BBC Culture in Quarantine: Hamlet at the RSC online
“More matter, with less art.” Gertrude’s proclamation in Act 2 is strikingly out of place in Simon Godwin’s colourful adaption of Shakespeare’s Hamlet. The bold aesthetics of Godwin’s production never overwhelm the emotional complexity at the centre of the play. In fact, the vibrancy and colour of the performance add life to the dark tale, accentuating its finer details and injecting it with new, fresh energy.
For those in need of a spot of culture during quarantine, the BBC is bringing six recordings of the most exciting, boundary-pushing adaptions of Shakespeare’s plays to iPlayer. Godwin certainly didn’t hold back in turning Hamlet into a performance like you’ve never seen before: cool militarism is juxtaposed with bright patterns; spray paint, helicopters and guns update the story; drums both push the play on urgently and uplift the melancholy mood.
No beat is missed in crafting the unique and spirited atmosphere of Godwin’s Afro-Denmark. He strikes the perfect balance between a militarised state and an Eden of culture and freedom. Politics, which are so often central to Shakespeare’s tragedies, here form part of the rich, dynamic setting – vital to the play as a whole but never taking centre stage. This is a dynamic exploration of Hamlet’s emotions, his journey in and out of madness.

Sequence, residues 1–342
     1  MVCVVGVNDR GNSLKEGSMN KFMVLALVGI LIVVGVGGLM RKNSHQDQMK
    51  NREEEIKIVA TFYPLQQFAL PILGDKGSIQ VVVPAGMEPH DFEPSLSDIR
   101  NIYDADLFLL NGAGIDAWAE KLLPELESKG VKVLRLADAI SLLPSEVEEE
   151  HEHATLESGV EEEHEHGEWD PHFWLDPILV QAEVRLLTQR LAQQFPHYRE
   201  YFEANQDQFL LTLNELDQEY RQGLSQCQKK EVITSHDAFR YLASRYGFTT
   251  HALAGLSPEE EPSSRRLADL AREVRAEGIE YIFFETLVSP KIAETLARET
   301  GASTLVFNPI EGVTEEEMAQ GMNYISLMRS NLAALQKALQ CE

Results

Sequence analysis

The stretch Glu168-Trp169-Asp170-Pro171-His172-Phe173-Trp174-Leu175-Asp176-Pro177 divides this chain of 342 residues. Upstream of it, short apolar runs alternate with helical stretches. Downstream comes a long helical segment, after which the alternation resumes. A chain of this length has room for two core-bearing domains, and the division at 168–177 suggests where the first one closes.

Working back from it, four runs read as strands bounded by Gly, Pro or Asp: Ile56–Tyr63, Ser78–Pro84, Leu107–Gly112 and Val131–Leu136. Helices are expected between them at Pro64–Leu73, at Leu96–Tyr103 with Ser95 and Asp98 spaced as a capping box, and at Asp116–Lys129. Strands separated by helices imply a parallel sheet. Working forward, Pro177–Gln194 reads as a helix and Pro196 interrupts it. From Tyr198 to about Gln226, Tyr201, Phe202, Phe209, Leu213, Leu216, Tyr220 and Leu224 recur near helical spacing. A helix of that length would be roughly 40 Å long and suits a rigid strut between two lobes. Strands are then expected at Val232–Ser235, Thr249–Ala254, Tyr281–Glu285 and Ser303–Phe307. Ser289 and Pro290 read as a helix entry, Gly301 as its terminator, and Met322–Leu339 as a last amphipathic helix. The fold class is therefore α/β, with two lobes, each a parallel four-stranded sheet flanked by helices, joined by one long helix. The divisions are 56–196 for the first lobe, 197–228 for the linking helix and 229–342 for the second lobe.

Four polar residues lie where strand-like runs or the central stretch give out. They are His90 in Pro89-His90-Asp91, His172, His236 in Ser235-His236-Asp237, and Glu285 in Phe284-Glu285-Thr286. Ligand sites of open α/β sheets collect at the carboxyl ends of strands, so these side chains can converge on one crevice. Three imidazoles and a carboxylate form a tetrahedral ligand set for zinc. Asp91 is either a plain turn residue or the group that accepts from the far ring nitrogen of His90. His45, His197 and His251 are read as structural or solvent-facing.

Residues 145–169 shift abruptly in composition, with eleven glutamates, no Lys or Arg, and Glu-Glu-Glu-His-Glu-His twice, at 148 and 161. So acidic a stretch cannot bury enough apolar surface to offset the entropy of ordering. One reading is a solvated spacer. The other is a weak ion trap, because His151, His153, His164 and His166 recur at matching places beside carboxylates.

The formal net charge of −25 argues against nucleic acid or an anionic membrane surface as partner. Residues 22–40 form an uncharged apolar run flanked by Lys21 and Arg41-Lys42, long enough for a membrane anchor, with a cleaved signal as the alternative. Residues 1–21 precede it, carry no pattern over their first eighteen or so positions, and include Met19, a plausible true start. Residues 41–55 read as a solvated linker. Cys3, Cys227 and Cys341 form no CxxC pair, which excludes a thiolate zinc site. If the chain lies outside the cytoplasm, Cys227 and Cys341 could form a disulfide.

Paapa Essiedu gives to Hamlet an energy and excitement which lean towards both innocence and madness. He captures feeling without melodrama, despair without hysteria. Esseidu’s performance is measured, masterful, and not unduly chaotic, striking the perfect combination of mourning, emotion and youth.
I imagine the atmosphere amongst the audience to be alive with excitement and a brewing suspense. The bright pinks, greens and yellows in the costumes and staging lend themselves nicely to the screen recording. The camera captures perfect images of the stage as a whole – the blocking all the more purposeful and unified by the marriage of colour, space and atmosphere. Seamless transitions from scene to scene, the slick delivery of quick-moving dialogue, and the almost choreographed, dance-like movement of the actors contribute to an ethereal fluidity that is vital to the aesthetic of the performance as a whole.
This performance offers comic relief, always with a melancholy twist. As Hamlet becomes more chaotic, so does the fusion of humour and drama. Godwin tastefully makes death amusing, increasingly contrasting the dark and light of the play as his vibrant production becomes more and more subdued. This is a refreshing take on Shakespeare’s classic tragedy, a magnificent explosion of colour and emotion, an absolute delight to watch.